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Lunch, Anyone? In House Café

A taste of Syria in Allston

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In the thriving global food court that is Allston, In House Café serves up a taste of Syria. The food is fragrant, fresh, and hearty. The atmosphere can be summed up in the Arabic phrase ahlan wa sahlan—“You are welcome.”

The café, its unassuming storefront a brief stroll from the Green Line T stop at Comm Ave and Harvard Ave, is a difficult place to leave. Owner Ahmed Dairy, who also has a café in his native Aleppo, Syria, presides over the place with such generosity and good humor that even a first-timer is made to feel like the regular customer he or she is bound to become. In true Middle Eastern fashion, Dairy is likely to present you with a complimentary plate of kibbeh (a patty of bulgur and ground lamb) or falafel imported from Syria. He might urge a strawberry smoothie sample on you, or a sliver of honey-soaked baklava. Dairy and his chef/food manager, Mazen Alaama, of Damascus, are happy to indulge visitors’ curiosity about their homeland, its treasures and struggles.

A recent expansion doubled the size of In House Café. Although patrons can sit on whichever side they like, the place is now arranged as half breakfast-lunch-dinner restaurant, half espresso bar, offering homemade pastries, smoothies, a wide assortment of house-brewed loose teas, a juice bar, and ecstasy-inducing ice cream (try the Dirty Chocolate) from the Berkshires-based SoCo Creamery. A Yelp reviewer and In House regular insists that “no coffee in the North End is as good as Ahmed’s macchiato.”

In House Café’s décor is eclectic and welcoming.

In House Café’s décor is eclectic and welcoming.

The café’s spare décor is Queen Anne meets IKEA, an eclectic mix of chintz and contemporary. The walls bear the work of local artists, much of it for sale, and a wide étagère is arranged with teapots and samovars. For larger or private parties, there’s a curtained-off back room with a loft bedecked with carpets, conjuring images of Arabian Nights, and a human-sized King Tut sarcophagus inexplicably stationed at the entrance.

On one visit, just after dusk, we found Dairy, Alaama, and friends seated in the back room in their stocking feet, breaking the Ramadan fast. They urged us to make ourselves comfortable and soon emerged to share a complimentary iftar platter heaped with velvety humus, pickled beet salad, and kibbeh. We stopped in for lunch several weeks later to share a plate of chicken shawarma, a mix of vegetables with tender chicken ($4.99) that had been marinated for a day in yogurt, vinegar, and garlic. The stew was served with basmati rice and a tomato and lettuce salad laced with parsley and judiciously dressed in a tangy pomegranate sauce.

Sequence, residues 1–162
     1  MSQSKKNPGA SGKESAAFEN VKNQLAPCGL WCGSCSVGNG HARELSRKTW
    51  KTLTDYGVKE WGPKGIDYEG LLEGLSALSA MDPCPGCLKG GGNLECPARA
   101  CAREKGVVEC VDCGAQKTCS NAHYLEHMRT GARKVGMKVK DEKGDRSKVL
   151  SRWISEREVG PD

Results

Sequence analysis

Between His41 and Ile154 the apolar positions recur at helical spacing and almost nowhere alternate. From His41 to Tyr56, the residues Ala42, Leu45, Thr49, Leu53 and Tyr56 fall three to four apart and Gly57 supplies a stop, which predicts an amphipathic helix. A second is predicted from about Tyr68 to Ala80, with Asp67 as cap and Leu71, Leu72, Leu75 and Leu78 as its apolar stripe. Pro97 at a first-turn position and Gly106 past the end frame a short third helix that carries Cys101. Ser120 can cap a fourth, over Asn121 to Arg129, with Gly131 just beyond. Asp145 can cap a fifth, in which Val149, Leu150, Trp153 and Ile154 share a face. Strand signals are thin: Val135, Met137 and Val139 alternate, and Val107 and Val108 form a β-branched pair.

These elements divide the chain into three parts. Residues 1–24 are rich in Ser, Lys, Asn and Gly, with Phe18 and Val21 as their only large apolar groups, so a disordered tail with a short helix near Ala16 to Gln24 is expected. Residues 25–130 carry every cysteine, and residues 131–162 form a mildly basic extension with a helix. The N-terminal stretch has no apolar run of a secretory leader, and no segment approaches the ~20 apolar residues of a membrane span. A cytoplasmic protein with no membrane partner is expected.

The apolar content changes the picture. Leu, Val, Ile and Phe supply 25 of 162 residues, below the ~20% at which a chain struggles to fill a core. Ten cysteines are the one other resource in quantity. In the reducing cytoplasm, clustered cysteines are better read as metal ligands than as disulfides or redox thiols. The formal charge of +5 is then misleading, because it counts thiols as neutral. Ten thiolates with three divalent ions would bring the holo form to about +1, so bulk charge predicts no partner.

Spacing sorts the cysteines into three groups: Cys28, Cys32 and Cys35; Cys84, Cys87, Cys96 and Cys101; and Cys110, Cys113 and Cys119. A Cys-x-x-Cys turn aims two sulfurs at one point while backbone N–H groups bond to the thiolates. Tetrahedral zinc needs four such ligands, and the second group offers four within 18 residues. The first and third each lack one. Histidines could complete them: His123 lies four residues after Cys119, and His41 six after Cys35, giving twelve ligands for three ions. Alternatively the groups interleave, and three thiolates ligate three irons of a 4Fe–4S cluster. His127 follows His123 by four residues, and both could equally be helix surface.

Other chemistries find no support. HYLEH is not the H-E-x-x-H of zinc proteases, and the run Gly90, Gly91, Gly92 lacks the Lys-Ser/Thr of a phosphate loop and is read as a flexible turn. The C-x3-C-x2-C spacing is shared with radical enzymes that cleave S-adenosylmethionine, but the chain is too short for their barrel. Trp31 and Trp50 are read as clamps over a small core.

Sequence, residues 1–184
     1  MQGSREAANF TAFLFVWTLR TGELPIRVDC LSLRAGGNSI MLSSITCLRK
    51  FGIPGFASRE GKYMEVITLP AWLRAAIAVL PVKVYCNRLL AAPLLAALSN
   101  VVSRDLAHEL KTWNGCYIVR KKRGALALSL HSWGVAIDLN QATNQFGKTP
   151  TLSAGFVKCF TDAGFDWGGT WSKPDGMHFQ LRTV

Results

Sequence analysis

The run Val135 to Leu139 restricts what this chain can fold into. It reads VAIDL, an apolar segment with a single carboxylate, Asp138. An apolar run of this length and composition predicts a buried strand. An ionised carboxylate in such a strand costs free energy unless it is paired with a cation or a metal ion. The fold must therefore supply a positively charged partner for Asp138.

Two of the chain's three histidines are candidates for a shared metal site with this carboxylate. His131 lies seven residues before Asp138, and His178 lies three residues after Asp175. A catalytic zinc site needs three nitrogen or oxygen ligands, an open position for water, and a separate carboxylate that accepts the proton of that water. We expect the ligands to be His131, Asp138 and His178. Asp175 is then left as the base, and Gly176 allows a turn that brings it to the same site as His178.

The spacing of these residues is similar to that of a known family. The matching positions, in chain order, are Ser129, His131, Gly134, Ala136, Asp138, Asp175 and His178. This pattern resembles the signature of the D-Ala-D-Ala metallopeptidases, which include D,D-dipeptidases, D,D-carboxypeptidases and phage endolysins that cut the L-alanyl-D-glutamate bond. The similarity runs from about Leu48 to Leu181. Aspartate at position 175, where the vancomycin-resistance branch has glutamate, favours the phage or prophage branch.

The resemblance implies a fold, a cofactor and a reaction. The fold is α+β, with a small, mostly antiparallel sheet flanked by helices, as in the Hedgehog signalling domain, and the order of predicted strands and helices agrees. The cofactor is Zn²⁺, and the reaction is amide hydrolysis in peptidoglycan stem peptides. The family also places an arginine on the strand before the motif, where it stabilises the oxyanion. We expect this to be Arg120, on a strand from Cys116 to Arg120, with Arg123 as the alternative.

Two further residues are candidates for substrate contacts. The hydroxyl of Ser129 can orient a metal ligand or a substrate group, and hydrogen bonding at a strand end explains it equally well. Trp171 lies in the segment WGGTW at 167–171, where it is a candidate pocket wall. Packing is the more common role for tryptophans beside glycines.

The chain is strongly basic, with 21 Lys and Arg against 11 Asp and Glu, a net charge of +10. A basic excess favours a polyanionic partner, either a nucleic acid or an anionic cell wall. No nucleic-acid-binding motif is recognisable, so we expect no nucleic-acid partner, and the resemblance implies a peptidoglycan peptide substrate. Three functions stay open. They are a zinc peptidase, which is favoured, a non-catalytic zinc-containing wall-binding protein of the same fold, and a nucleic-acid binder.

Dairy boasts, rightfully, of his falafel ($2.99), lightly fried and served in a crispy pressed wrap with fresh mint, yogurt, and tahini. A taste of kibbeh on the house had us clamoring for more, so we ordered a plate ($4.99), redolent with an imported Syrian blend of allspice, cinnamon, cumin, and other spices. The In House cook, Jad Al Ama, a Bunker Hill Community College student who is from Damascus, graciously walked us through the ingredients of each dish.

In House Café proprietor Ahmed Dairy

In House Café proprietor Ahmed Dairy also owns a café in his native Aleppo, Syria.

Dairy has recently revamped the In House menu to include a creative assortment of crepes, waffles, and omelets and has expanded offerings from the grill; he says customers can expect the new menu by November 1. Among the other new offerings is a mixed grill platter, with chicken, lamb, or beef, a steal at $7.99. The dish comes with rice, salad, and a choice of hummus or the classic Middle Eastern eggplant dip, baba ghanouj.

Other In House Middle Eastern specialties include fata, a fried eggplant and potato dish ($5.49), lahmajeen, a Turkish-style pizza ($4.99), chicken shish taouk, marinated chicken with garlic cream ($4.99), fattoush, a pita bread salad ($4.99), and the standard Syrian comfort food, fool moudamas, a soupy dip made of cooked and mashed fava beans, lemon, red pepper, garlic, cumin, and parsley ($4.99). (This is the only menu entry with a bit of editorializing: “You’re a fool if you don’t eat fool.”)

In House offers free wireless, and student customers are not discouraged from lingering with a drink while studying.

In House Café, 194 Harvard Ave. (between Comm Ave and Glenville Avenue), Allston, is open daily from 7 a.m. to 11 p.m. Phone: 617-686-3350. All major credit cards are accepted. To get there, take the Green Line B trolley outbound to the Harvard Avenue stop.

This is part of a weekly series featuring Boston lunch spots of interest to the BU community. If you have any suggestions for places we should feature, leave them in the comments section below. Check out our list of lunchtime tips on Foursquare.

2 Comments
Susan Seligson, Senior Writer for BU Today and Bostonia
Susan Seligson

Susan Seligson can be reached at sueselig@bu.edu.

2 Comments on Lunch, Anyone? In House Café

  • GreyFox on 10.20.2011 at 4:07 pm

    Looks like hipster paradise.

  • Abby Cote on 10.20.2011 at 6:51 pm

    In House Cafe easily has the best coffee out of any of the cafes in the BU area and I would argue, the best service. Not to mention their bagels are sooo soft and tasty and their falafel is perfectly crispy. The owner is super friendly and an incredibly hard worker. I have seen this place transform from a one room, odd little cafe, to a mulit-room cafe-restaurant-art gallery-museum!! He is always expanding the menu and looking for feedback from his customers, who he always treats like his good friends. I love In House Cafe with all my heart and only ever have good things so say about it!

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